On the 23rd November 2021, in his homily to the diocesan coordinators at a workshop on Pastoral Care for Migrants and Refugees, Archbishop Buti Tlhagale who is the Liaison Bishop for Migrants and Refugees of the SACBC, suggested that pastoral work to Migrants and Refugees be considered a new missionary territory.
Noting that historically what happened to new territories is that resources were put together in order to alleviate challenges that face the people in those new territories, the Archbishop added that, “We are of the opinion that in our modern time one of the major challenges is one of Migrants and Refugees” even though other problems still persist. He said alongside the traditional challenges there is a problem of the movement of people across the world.
Archbishop Tlhagale made a special mention of the Rohingya community that has to move as a whole community, the influx of migrants into a small country like Lebanon, the movements in Sudan, the situation in Belarus and the movements of people from South America attempting to enter the USA. “They live and sleep in the open because they are refused to cross the boundaries”, added the Archbishop. “And that is why we are saying migrants and refugees are a new missionary territory in our days”, repeated the Archbishop.
There are four things that the archbishop said needed to be prayed for in response to the migrants and refugee situation; “That God Almighty will give us the strength of will to do good to migrants and refugees, the strength to see this major challenge.” Secondly, he said “when we celebrate advent, we hope that Christ will find us eager to welcome him. So, we pray that we too should be eager to welcome visitors, to welcome migrants and refugees in our community.” He added that there is a need to recruit more people to help in welcoming migrants and refugees. He then said thirdly, “We need to pray to God that he be generous in increasing our love. A love that is not selective. A love that accepts another human being. Now that’s a tall order, easier said than done.” Fourthly, “To pray that God removes the obstacles that hinder us from receiving others, so to be able to accept those in need who simply ask to be recognized as persons.” He continued saying there is a need to pray that communities can have the generosity of heart and not take their anger and frustration out on migrants and refugees.
In wanting to be practical about the challenge the Archbishop of Johannesburg said, “Our biggest mission will be to have in every parish people dedicated to this new mission of migrants and refugees.” The Archbishop emphasized that point because he observed that conflict happens at community level and not at government administrative offices in Pretoria and Cape Town.
The workshop on Pastoral Care for Migrants and Refugees will run for two days. The first day also saw a presentation by Fr. Eduardo Gabriel, a Scalabrini priest who is a researcher and coordinator at SIHMA (Scalabrini Institute for Human Mobility in Africa) Johannesburg. In his presentation he noted that “sometimes we wait for someone to do something for migrants and refugees instead of us being the ones to do something”. He also noted the importance of Pope Francis’ first trip when he went to express his solidarity with the migrants in Lampedusa, Italy. According to Fr Gabriel it is important that migrants and refugees feel welcome. As a piece of advice to the attendees of the workshop he pointed out that when people go out to work with migrants and refugees it is important to listen to them, “to be able to help them with your hands listen to them first”. He summarized his message by highlighting the importance of taking an initiative to help migrants and refugees, by welcoming them, being close to them and showing solidarity with them.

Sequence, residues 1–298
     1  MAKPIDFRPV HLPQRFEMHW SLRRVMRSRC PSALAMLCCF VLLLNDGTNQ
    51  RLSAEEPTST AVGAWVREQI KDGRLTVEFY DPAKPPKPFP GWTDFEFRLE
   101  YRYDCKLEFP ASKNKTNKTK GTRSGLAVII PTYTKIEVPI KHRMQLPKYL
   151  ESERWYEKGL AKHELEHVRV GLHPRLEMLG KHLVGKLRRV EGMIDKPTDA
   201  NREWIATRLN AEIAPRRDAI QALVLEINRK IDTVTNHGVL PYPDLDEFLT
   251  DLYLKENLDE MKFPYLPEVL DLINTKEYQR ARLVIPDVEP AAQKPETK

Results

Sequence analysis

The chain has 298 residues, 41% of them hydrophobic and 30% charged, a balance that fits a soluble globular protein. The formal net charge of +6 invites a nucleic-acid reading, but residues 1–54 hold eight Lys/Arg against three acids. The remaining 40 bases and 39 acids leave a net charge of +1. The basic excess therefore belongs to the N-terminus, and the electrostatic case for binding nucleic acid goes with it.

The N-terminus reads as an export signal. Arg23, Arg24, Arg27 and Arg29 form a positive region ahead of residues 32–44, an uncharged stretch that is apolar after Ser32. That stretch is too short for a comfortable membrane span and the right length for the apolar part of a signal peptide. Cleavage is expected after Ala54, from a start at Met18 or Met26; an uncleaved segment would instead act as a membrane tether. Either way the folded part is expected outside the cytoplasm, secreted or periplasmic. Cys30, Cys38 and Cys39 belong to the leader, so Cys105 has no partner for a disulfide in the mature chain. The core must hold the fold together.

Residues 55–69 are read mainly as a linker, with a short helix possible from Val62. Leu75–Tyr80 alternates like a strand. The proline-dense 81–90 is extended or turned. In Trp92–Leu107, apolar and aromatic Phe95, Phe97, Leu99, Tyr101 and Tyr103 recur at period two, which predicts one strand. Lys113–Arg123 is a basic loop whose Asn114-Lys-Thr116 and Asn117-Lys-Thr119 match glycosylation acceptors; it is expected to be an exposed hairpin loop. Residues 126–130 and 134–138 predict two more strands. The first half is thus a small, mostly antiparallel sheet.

There was also a presentation by Sally Gandar, an attorney by profession, a Head of Advocacy and Legal Advisor at the Scalabrini Centre in Cape Town. She spoke about Understanding Migration in South Africa and the Legal Framework of Migration in South Africa.
The different groups from the different parts of the country at the workshop had an opportunity to make presentations of their work with migrants and refugees. The have spoken of many positive experiences of success in stabilizing the lives of migrants and refugees, but they have also mentioned some challenges. Among the challenges were the problem of migrants who exploit the system by moving from one organization to another seeking help for the same thing they have already received from other organizations. The other problem is the local crimes linked to some migrants.
On the second day the workshop will deal with, among other things, Mobile data capturing solution for undocumented and stateless children out of school. They will also touch on how to plan activities with migrants and refugees at the local level.
This workshop is a response to the resolution that was taken in 2019 by the SACBC to appoint in parishes a contact person for migrants and refugees, and a development of a diocesan network, metropolitan network, and national, with training and formation programmes for those who commit themselves to the ministry of migrants an refugees.